J.C. Penney, American Apparel, Radio Shack, Abercrombie & Fitch, The Limited. All closing stores in 2017. This is creative destruction, led by the growth of e-commerce giants like Amazon. It’s the dance of progress: two steps forward and one step back. We’ve been doing it since the Industrial Revolution began. More automation leads to lower costs and fewer jobs.
The New York Times reports 89,000 brick-and-mortar retail workers have been laid off since October. That’s more than the number of people who work in America’s entire coal industry. But let’s be optimistic and assume they’ll find other jobs — at an Amazon warehouse, perhaps, or in the food-service industry. Even so, I grieve for the high school kids who will never get to go to the best business schools in the world, and get paid minimum wage to attend, as I did at the Meyer Miller shoe store in Cleveland. Where will these kids learn transactional economics or how to close a deal? How will they find professors like the veteran shoe salesman who taught me, among other things, how to tell which customers were never going to buy, the power of incentives and the history of the America that existed in the decades before I was born?
I arrived on the sales floor in 1974 just as the revolution was hitting. Not the sexual revolution — the Ugly Shoe Revolution, which liberated men, temporarily, from black or brown, ties or loafers. This was the period of 6-inch stack heels in purple or green alligator and yellow patent-leather boots. Franco Harris was said to have had a pair of shoes with a live goldfish in the heel.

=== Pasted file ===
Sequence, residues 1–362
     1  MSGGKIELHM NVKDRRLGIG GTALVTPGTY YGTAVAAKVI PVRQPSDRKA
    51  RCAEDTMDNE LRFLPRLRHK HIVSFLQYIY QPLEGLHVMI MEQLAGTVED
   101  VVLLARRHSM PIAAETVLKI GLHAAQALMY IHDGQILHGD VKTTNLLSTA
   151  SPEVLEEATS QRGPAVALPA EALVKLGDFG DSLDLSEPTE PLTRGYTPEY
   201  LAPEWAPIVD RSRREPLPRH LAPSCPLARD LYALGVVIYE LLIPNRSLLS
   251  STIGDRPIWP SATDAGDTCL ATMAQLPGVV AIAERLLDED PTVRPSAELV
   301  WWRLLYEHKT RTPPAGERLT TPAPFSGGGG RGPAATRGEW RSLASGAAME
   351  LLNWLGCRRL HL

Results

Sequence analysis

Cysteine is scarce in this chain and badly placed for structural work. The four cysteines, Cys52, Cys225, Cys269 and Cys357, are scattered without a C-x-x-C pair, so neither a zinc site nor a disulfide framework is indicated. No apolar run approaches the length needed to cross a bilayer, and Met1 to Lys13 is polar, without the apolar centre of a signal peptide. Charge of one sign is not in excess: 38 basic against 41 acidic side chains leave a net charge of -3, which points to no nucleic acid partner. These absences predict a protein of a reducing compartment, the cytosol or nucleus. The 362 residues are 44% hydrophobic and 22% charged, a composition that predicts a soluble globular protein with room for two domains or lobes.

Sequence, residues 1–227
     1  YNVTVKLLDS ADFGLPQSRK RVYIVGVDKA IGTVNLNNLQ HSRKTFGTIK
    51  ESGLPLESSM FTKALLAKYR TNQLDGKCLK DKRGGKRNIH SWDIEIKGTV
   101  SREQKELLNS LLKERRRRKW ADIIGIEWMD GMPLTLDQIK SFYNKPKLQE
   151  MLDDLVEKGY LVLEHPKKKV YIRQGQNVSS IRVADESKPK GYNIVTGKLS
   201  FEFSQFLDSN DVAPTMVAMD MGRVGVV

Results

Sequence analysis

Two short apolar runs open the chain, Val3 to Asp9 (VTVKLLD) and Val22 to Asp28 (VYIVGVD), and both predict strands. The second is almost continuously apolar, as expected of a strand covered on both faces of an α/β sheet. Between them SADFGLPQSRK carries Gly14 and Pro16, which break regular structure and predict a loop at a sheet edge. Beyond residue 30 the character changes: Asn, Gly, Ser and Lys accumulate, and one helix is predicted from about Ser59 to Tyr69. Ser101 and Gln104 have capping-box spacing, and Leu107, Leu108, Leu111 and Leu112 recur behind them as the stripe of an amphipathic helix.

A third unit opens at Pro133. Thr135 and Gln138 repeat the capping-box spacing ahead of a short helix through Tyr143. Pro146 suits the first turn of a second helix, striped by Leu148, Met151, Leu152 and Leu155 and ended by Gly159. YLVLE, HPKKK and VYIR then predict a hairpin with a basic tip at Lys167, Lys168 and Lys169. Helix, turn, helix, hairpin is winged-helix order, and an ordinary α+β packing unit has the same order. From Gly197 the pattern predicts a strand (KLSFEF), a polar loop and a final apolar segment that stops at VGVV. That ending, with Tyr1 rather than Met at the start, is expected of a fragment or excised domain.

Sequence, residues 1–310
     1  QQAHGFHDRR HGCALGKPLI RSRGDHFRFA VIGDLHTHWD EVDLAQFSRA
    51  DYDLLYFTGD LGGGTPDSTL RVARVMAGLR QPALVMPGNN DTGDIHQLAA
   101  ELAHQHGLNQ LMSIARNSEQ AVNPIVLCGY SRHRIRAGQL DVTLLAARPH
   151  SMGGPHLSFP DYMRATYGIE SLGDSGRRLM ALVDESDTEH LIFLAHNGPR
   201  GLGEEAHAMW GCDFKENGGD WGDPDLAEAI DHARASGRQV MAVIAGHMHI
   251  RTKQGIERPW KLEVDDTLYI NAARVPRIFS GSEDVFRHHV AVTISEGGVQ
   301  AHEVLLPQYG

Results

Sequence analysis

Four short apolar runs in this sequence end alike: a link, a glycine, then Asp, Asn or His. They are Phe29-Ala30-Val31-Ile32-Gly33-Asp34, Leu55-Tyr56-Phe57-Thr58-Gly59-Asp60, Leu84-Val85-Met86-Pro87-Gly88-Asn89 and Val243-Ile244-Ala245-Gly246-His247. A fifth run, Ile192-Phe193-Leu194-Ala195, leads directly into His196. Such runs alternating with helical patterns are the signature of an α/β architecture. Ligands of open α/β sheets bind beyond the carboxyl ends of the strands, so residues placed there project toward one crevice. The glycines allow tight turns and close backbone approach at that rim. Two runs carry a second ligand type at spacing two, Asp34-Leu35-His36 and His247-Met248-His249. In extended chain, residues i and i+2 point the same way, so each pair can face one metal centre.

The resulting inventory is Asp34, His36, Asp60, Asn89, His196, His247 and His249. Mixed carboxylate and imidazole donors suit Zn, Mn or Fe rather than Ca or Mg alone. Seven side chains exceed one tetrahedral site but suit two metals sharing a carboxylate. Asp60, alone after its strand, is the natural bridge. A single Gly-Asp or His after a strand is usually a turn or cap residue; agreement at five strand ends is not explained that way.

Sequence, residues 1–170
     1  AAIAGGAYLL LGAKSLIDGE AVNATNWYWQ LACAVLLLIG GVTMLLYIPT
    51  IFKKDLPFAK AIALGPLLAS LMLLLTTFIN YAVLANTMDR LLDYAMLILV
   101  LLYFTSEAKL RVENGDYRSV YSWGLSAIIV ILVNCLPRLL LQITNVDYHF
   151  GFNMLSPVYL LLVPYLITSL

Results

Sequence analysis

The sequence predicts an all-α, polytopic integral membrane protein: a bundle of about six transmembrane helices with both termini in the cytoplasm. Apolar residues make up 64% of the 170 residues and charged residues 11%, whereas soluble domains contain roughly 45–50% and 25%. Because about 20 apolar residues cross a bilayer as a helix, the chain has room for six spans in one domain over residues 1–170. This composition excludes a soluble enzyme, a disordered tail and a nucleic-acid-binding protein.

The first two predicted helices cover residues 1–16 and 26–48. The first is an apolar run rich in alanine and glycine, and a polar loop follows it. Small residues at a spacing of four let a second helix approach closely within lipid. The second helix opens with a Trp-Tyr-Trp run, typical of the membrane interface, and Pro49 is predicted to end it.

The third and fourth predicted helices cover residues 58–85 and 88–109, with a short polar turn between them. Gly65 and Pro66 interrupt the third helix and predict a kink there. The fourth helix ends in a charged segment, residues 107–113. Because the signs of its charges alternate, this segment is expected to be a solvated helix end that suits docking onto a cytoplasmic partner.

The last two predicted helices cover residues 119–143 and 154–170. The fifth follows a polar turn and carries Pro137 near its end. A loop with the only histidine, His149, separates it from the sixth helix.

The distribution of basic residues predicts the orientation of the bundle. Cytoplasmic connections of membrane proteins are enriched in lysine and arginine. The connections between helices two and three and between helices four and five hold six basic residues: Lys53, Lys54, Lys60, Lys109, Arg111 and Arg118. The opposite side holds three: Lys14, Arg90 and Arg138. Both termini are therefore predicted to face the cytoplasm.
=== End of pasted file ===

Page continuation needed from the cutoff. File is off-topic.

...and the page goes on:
We still stocked a few styles of Allen Edmonds and Florsheim wingtips for the older Jewish men who had shopped at Meyer Miller for years and who now bent down to tie their wingtips next to young black men who might ask if I had that boot in a brighter shade of green.
I learned more about the business world that summer than I learned in my first 10 years in advertising. Practical lessons. Like you can’t sell someone something they don’t want.
You could pay to attend a seminar titled “Closing the Sale.” They’d teach you that when someone’s ready to buy, you have to stop selling and let them. Jerry, a 70-year-old shoe salesman, taught me this lesson for free. He cut me off midsentence and took my customer to the cash register. When the customer left, he told me, “Shut up already and let the guy buy the shoes.”
My fellow salesmen were older Jewish men, semiretired, many of them immigrants or sons of immigrants. They talked about the American Dream in prose, not poetry, telling me stories of moving in and out of old Cleveland neighborhoods on their way through the various levels of the working class.
They taught me real politics — the politics of the checkbook — not the value-based kind my liberal parents talked about. I listened, and I learned that America is filled with admirable people who do the most ordinary of jobs. People I might not have met had I not left my sheltered world and gotten a summer job.
They showed me how the real world worked, something we baby boomer managers wish our millennial employees knew more about. They showed me how you could move the ugliest of shoes — just drop the price low enough. And they showed me that you could still have dignity while forcing a size 12 on the foot of a 300-pound guy who insists he doesn’t need a 13.
Young job candidates need more real-world experience, not more fancy internships. They need to learn how to read people, not emojis. They need practice showing up on time, not just logging on. They need to hear practical advice, like I heard from Jimmy, a salesman’s salesman: “ABC. Always be charming.”
Jim Sollisch is creative director at a marketing communications agency in Cleveland. He wrote this for the Chicago Tribune.